By Steve Gunn
Local Sports Journal

MUSKEGON – Tyler Stenberg remembers wrestling against a nationally-ranked opponent at a tournament in the fall of 2013 at Muskegon Community College.

His father, Rick Stenberg, was in the audience, sitting in a wheelchair.

It was the last time Stenberg’s dad had the chance to watch him wrestle. He died a few weeks later.

Stenberg lost that match by one frustrating point.

Forward to February of 2014, when Stenberg was wrestling at the national junior college finals.

He was competing against the same opponent he faced when his father was watching, and was losing by five points. There was a time out in the action, and Stenberg was looking for some extra motivation.

He felt like he could still turn to his dad, like he always had in the past.

“I just looked up and said ‘Dad please help me with this,'” Stenberg said. “Then I came back and beat him. I got the takedown in overtime and won.”

Stenberg will be on the mat Wednesday when the Muskegon Community College wrestling team hosts the second annual Rick Stenberg Memorial Duals at Reeths-Puffer High School.

Stenberg didn’t wrestle in the first memorial tournament last year. It was too soon after his father’s death, and he and his brother, who was also on the MCC squad, were spending some time away from competition.

But this year’s he’s excited about taking part in a tournament that’s named after his biggest fan. He said his mother, brother and grandparents will be there to watch.

The event will begin at 5 p.m. with two high school matches featuring the Reeths-Puffer wrestling team. The MCC squad will wrestle Grand Valley State University after the high school matches.

Admission is $5 and all proceeds go to the Rick Stenberg Scholarship Fund, which benefits Reeths-Puffer wrestlers and other athletes.

“I think it’s awesome,” said Stenberg, an MCC sophomore who is ranked third in the nation in the 149-pound weight class. “It’s a great experience knowing it’s for him. Wrestling at my old high school is going to bring back some memories. I can’t think of a time my dad wasn’t there. Any time he got a call for business, he would tell them why he couldn’t do the job. He had to watch his kids wrestle.”

Rick Stenberg was a standout wrestler in the late 1970s at Orchard View High School. He started teaching the sport to his sons, Cody and Tyler, as soon as they were old enough to understand the concept, and taught and supported them over the years.

He had the pleasure of watching his sons become All-State wrestlers at Reeths-Puffer High School.

Rick Stenberg was not Reeths-Puffer’s coach, but he was the next best thing. He was the team’s top booster, doing anything he could do to help, according to his son.

He would operate the scoring table. He would take young wrestlers aside after matches and give them advice. He would always be there with a few bucks for wrestlers who had empty pockets.

Rick Stenberg loved wrestling, and he loved watching his boys compete.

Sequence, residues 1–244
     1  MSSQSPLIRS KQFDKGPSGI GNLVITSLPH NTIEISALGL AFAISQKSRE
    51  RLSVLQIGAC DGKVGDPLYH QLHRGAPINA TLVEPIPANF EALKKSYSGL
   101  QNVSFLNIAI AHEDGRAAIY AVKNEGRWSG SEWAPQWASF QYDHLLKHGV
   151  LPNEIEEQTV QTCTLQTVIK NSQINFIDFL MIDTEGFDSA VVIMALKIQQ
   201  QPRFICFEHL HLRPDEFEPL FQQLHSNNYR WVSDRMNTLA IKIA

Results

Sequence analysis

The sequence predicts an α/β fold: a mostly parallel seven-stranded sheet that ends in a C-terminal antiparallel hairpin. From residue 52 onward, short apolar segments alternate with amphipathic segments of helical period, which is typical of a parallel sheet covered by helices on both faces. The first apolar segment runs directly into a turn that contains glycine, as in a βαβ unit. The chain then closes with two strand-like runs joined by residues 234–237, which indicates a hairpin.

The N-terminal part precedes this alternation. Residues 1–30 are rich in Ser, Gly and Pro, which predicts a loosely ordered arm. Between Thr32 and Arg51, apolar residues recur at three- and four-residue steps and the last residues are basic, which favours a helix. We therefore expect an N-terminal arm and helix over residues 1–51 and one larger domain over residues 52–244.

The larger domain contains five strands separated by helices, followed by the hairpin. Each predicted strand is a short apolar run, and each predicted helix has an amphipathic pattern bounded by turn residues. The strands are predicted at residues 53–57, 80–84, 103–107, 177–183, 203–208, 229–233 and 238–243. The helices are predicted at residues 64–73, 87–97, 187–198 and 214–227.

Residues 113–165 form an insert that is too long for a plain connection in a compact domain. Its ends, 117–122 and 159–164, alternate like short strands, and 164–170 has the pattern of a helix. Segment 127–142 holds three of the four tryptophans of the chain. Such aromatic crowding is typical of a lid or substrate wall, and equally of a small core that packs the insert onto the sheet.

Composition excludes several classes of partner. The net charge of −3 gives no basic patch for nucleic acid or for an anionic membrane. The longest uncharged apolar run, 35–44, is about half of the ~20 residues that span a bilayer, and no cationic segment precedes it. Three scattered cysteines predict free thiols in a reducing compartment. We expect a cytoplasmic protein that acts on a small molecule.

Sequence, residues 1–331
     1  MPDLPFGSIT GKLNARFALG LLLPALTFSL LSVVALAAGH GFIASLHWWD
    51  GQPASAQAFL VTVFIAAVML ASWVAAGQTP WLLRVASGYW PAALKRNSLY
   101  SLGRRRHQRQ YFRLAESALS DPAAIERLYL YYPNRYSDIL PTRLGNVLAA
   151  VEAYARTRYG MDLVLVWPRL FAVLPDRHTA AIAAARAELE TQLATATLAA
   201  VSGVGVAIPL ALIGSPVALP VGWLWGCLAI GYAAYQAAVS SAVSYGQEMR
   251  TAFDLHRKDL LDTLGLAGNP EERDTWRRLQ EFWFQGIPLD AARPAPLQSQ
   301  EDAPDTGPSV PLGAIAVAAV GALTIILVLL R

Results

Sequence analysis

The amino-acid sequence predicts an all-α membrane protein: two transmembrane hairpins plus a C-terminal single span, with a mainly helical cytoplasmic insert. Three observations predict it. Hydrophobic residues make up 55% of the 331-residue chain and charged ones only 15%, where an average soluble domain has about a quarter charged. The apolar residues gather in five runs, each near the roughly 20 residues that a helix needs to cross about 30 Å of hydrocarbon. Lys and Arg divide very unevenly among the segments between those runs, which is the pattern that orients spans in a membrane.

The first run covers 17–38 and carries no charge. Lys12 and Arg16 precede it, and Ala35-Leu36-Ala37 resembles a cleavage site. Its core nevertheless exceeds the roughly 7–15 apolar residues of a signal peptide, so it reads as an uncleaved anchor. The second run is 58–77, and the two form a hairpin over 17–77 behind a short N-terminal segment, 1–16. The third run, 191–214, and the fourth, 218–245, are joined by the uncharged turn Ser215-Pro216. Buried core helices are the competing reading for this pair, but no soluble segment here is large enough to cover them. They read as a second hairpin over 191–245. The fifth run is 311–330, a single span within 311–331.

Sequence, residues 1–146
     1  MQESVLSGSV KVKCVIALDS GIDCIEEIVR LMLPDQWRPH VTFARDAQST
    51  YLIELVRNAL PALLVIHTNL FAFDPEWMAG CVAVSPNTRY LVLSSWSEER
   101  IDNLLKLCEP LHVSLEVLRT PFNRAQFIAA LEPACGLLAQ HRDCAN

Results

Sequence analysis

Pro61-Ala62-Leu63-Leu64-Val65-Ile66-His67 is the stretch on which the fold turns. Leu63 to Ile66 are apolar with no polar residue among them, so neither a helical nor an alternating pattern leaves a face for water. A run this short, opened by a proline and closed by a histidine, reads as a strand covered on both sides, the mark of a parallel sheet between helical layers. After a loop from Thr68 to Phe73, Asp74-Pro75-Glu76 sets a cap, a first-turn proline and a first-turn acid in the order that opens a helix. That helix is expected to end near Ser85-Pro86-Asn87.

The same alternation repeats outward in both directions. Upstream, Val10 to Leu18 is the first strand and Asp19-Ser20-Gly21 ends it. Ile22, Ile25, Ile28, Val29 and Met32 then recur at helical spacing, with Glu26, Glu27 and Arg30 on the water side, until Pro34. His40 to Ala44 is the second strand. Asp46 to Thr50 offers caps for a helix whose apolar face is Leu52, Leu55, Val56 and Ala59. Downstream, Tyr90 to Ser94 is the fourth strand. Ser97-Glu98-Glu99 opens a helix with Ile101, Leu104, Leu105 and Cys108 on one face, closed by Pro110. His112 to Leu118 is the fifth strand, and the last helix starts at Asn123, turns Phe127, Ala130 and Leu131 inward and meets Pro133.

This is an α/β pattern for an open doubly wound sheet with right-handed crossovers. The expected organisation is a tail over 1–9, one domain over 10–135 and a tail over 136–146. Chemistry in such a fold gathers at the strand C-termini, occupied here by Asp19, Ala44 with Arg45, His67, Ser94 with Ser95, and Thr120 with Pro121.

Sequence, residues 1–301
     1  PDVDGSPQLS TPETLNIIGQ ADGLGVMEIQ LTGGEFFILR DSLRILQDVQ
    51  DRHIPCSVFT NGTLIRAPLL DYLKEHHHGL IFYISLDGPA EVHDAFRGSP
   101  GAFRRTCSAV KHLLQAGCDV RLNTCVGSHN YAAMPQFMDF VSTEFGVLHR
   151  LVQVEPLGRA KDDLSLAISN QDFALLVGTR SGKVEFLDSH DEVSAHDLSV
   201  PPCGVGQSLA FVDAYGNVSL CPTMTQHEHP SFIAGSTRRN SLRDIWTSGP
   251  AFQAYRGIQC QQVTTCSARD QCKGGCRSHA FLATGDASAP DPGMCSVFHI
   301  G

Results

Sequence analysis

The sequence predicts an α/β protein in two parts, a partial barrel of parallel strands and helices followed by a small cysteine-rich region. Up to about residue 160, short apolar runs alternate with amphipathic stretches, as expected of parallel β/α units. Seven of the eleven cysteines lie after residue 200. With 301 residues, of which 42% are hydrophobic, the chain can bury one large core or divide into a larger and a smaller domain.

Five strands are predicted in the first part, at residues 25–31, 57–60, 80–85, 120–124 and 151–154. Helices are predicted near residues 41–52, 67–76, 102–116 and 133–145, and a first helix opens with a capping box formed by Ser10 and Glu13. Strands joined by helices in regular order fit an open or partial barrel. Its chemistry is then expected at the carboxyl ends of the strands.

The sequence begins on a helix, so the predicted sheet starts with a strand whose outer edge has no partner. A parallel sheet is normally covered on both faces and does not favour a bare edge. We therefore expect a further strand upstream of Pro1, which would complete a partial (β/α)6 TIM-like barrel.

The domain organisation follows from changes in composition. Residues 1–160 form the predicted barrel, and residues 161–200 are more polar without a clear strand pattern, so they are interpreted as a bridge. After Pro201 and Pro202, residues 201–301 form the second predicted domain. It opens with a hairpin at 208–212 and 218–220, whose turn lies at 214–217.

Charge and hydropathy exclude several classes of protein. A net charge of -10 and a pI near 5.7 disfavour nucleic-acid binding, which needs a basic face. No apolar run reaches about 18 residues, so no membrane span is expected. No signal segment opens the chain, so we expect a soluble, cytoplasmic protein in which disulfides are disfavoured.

“When we took a bus to a tournament an hour away, he would be there a half hour before us, with food already made – crock pots full of food, jugs of Gatorade and water,” Stenberg said. “He was more excited than we were. It was crazy how involved he was. It was awesome to always have him there.”

Stenberg’s older brother, Cody, joined the MCC wrestling team in 2012 after graduating from Reeths-Puffer. Stenberg did the same in the fall of 2013.

Stenberg started his freshman season full of hope for the future, with no idea that his world was about to unravel.

The horrible news came in November, 2013 that Rick Stenberg had pancreatic cancer.

Stenberg and his brother learned their father was going to die on Nov. 17, which was also their dad’s birthday. He passed away Nov. 30 at the age of 55.

“They caught it in the fourth stage,” Stenberg said. “There was no turning back.”

Stenberg remembers wrestling at a tournament in Illinois last season, the week after his dad watched him compete for the last time. He came home and showed his father a video of a match he was particularly proud of.

“I wrestled a freshman who was really good and I beat him,” Stenberg said. “I showed my dad the video, and his eyes were closed the whole time. He couldn’t even watch it.

“I just ran out of the room crying. That’s when I really realized he was dying. Before that I had been telling myself that he was going to get through it. I finally realized he wasn’t going to be there next year.”

Both Stenberg and his brother left the wrestling team their father passed away. Cody started managing the family business and didn’t return.

But Stenberg felt a pull after a couple of months and rejoined the team.

“I wasn’t sure I could do it, but I did it for him,” Stenberg said. “He wanted me to keep going. I knew he did.”

At the junior college national tournament last season, Stenberg not only rallied to beat the wrestler he lost to in front of his dad, but won two more matches the first day of the event and won All-American honors in the 149-pound weight class.

“He’s a pretty good athlete,” said MCC wrestling coach James Tietema, who was an assistant coach last season. “I think his first tournament back last year was about this time. He had about six weeks to get in shape (for nationals). Working as hard as he does, getting back into shape didn’t take him too long.”

This season Stenberg has picked up where he left off, posting more than 20 wins against only three losses for the Jayhawks. His personal goal is to win a national title in his weight class this year, then wrestle at a four-year college next season.

He says his father still motivates and influences his wrestling, every day of the season.

“I just used a move this weekend (at a tournament in Indiana) that he taught me in the basement when I was five,” Stenberg said. “I showed ­my buddy on the team, and he said it was a really good move. I told him I learned it from my dad.”